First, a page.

Identity Politics and Feuerbach 11

A review of Olúfẹ́mi O. Táíwò, Elite Capture: How the Powerful Took Over Identity Politics (And Everything Else), (Chicago: Haymarket, 2022).

It’s a miracle! Nuanced and enlightening writing about identity politics. Who would have thought it possible? Olúfẹ́mi O. Táíwò wades through one of the new millennium’s most infected political debates with such ease that it’s hard to understand why it’s so difficult for anyone else? In his new book Elite Capture: How the Powerful Took Over Identity Politics (And Everything Else), he criticizes aspects of what we today know as “identity politics” without ever getting close to feeding the reactionary trolls who use the term as a punching bag. By pointing at the limitations of identity politics, Táíwò rather opens up promising ways for transformative politics; based on bridges, not walls, to paraphrase one of the key passages in the final chapter, “The Point Is to Change It”. Political philosophy at its best.

The opening of the book couldn’t be more promising. Táíwò quotes the much neglected revolutionary Amílcar Cabral, an “activist-scholar” if there ever was one. It’s not the only Cabral quote in the book, and in chapter four, “Building a New House”, Táíwò dedicates several pages to the revolutionary experience of the “African Party for the Independence of Guinea and Cape Verde” (PAIGC), of which Cabral was a central figure before being murdered by Portuguese agents in 1973. Táíwò also resuscitates other much neglected Third World revolutionaries such as the Guyanese Andaiye.

In tracing the roots of identity politics, Táíwò revisits the Combahee River Collective, which first used the term in the late 1970s, and explains how it got mixed up with “standpoint epistemology” and a “politics of deference”, essentially, the abandonment of one’s own responsibilities as a political being by referencing someone apparently better qualified to have an opinion because of their identity, all the while forgetting that people with the same identity don’t necessarily have the same opinion. There is also another problem. Táíwò’s writes:

“… ‘centering the most marginalized’ in my experience has usually meant handing conversational authority and attentional goods to whoever is already in the room and appears to fit a social category associated with some form of oppression – regardless of what they have or have not actually experienced, or what they do or do not actually know about the matter at hand. Even in rooms where stakes have been high – where potential researchers were discussing how to understand a social phenomenon, where activists were deciding what to target – the rules of deference have often meant that the conversation stayed in the room, while the people most affected by it stayed outside.”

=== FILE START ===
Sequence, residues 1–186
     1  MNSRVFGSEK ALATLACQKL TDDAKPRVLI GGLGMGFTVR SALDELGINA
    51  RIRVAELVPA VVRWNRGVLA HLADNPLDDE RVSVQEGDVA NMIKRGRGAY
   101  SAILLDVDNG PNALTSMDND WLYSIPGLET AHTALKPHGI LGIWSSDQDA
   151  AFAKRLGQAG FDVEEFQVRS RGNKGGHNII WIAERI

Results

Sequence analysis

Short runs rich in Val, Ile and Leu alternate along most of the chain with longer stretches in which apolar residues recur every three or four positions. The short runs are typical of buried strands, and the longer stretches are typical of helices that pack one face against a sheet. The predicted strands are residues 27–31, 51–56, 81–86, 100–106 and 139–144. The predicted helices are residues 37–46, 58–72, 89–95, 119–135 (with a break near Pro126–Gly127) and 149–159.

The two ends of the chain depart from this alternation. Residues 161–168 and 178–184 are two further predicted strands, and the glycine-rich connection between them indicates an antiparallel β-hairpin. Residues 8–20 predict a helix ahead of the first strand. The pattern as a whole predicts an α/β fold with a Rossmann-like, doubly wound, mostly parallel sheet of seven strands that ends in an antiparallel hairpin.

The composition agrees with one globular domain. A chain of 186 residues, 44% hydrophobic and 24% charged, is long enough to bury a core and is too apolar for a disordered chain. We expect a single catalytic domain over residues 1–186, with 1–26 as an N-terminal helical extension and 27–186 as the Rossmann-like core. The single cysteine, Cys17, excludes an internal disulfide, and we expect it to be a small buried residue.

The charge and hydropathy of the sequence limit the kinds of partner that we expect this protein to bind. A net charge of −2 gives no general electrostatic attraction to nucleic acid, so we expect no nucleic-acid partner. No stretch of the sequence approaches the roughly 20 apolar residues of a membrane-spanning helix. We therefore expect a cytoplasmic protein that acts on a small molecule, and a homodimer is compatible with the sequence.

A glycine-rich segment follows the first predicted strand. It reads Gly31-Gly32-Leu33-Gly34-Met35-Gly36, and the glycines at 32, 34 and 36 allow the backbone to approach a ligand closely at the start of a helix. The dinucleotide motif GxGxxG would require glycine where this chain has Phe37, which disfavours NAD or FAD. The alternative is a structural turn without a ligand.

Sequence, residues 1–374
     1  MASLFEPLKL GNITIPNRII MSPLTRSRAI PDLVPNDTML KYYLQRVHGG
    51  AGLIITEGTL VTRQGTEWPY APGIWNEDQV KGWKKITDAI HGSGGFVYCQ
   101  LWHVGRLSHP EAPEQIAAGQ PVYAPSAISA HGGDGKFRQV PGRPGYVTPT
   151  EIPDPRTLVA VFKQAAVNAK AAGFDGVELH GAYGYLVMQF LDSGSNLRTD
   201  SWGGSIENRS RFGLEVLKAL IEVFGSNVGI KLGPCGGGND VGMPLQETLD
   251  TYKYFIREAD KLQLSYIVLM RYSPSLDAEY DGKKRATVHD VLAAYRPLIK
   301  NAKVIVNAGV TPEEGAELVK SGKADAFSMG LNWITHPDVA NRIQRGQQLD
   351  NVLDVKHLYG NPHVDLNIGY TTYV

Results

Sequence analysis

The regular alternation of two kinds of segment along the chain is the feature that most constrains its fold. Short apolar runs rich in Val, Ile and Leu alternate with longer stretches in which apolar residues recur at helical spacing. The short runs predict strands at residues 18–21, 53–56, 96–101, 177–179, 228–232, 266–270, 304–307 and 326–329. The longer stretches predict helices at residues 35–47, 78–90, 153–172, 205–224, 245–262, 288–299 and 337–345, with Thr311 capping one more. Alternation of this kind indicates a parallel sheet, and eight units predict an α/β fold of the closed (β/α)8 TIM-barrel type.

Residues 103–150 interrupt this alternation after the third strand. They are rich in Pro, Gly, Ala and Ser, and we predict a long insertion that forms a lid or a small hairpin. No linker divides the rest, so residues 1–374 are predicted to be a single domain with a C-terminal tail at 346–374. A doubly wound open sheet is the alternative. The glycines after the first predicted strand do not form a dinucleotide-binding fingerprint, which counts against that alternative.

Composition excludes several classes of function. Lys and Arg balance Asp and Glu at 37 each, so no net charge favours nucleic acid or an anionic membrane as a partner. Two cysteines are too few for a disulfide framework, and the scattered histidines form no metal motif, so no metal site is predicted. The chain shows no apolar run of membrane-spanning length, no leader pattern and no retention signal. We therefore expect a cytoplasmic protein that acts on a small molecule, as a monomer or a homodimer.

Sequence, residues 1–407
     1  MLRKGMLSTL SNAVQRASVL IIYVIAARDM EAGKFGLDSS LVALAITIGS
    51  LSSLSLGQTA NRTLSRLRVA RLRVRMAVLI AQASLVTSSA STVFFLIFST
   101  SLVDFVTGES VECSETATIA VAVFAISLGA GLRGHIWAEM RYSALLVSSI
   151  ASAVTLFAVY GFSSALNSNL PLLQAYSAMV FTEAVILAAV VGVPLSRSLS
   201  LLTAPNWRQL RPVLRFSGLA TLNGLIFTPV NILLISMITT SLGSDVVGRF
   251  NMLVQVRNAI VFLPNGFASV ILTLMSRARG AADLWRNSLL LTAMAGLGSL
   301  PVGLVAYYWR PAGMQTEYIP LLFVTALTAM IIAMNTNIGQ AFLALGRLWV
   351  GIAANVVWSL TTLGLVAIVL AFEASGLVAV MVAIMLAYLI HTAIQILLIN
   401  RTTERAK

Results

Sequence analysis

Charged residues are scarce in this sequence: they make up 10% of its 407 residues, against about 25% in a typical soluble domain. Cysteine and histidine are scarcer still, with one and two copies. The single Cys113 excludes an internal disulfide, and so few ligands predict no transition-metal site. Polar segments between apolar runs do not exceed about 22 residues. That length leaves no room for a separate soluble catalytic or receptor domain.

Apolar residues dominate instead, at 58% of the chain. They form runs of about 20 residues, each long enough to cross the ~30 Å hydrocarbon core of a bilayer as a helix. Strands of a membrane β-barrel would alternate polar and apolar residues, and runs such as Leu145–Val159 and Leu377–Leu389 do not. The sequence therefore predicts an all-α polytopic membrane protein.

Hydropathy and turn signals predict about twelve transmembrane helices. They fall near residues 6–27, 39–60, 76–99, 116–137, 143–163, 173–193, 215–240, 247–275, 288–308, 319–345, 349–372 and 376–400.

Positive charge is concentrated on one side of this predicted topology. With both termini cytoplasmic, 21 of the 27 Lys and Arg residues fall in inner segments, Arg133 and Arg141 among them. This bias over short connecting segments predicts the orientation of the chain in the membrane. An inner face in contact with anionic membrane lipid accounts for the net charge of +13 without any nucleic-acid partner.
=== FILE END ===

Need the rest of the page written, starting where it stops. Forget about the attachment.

In his study of identity politics, Táíwò ascribes the main problems to “elite capture”, which contains two main strategies: “the elites’ tactic of performing symbolic identity politics to pacify protestors without enacting material reforms; and their efforts to rebrand (not replace) existing institutions, also using elements of identity politics”.

To overcome deference politics, Táíwò argues for “constructive politics” and returns to the room metaphor when declaring that such politics “ask us … to be accountable and responsive to people who aren’t yet in the room”.

Besides its intellectual rigor, Elite Capture impresses with an author entering their own personal experience as a whole, not fragments of it. Táíwò speaks of privilege and trauma but places himself not on one end of the scale but at various places depending on context and comparison. Is this true intersectionality? In any case, it makes for compelling reading.

If you won’t have the time for the book, you can always take a look at Olúfẹ́mi O. Táíwò’s essay “Being-in-the-Room Privilege: Elite Capture and Epistemic Deference”, which contains many of the book’s central ideas. Whatever your choice, you should read something by Táíwò, there’s nothing to lose and plenty to win. To get started, visit

Gabriel Kuhn

(September 30, 2022)